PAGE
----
Security part of focus of 2004 NFPA show

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Wednesday, October 1, 2003

QUINCY, Mass. - In a nod to its development of security standards, its first significant movement in the security space, the National Fire Protection Association is devoting a portion of its floor space at its next trade show to security products.

Show officials said they expect to see between 30 and 50 companies in the Security Pavilion at the 2004 World Safety Conference and Exhibition, held May 23-25 in Salt Lake City.

“We know that there is a contingent of security product suppliers in the fire show,” said Jerry Carter, exhibition director for ROC Exhibitions, the producer of the World Safety Conference. “We are doing this to try and enhance this aspect of the show and also to try to lend support to the security codes in development.”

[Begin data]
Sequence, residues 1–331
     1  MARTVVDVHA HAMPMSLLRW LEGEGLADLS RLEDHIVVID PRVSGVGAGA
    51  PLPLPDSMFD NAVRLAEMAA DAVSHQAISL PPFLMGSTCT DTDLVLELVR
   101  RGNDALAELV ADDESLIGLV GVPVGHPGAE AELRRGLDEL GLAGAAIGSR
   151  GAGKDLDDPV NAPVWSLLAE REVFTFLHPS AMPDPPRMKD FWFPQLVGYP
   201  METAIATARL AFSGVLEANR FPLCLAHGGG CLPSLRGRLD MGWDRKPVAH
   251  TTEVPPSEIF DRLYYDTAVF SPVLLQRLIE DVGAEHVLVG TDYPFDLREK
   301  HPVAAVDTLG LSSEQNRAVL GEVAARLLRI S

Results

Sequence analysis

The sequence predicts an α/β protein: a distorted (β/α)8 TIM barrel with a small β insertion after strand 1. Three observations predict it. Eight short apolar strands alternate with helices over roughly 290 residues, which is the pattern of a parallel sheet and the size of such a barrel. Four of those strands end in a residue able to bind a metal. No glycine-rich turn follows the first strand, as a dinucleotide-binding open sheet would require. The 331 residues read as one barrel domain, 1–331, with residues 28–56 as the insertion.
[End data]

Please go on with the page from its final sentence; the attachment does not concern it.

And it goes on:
The codes, NFPA 731 Standard for the Installation of Electronic Security Systems and NFPA 730 Guide for Premise Security, are two proposed documents developed by an NFPA Technical committee. If adopted in a final vote of NFPA membership in 2005, the proposed codes could serve as an industry-wide standard for equipment installations in the security industry (see related story on page 1).

An organization traditionally known for its fire and life safety code setting operations, the NFPA “sees the opportunity to expand our audience,” said Al Sears, vice president of meetings for the association.

“We are also adding some security programs to our safety track of educational programs,” Sears said, “in the hopes of attracting people that have not been in the show previously and building on the success of the premise security codes as they go down the line.”

The presence of security products won’t be the only new aspect of the 2004 show. This the first year of ROC Exhibition’s production of the show, following a joint venture between that company and the NFPA to produce the Americas’ Security Expo and the Americas’ Fire Expo, held in July.

Attendance at the 2003 show in Dallas topped out at 5,500 attendees, down from previous years, Sears said, which is attributable to the sluggish economy, and low budgets and low staffing levels of many states and municipalities.

The 2004 show will also feature a pavilion centered on the National Electrical Code, which the NFPA also develops.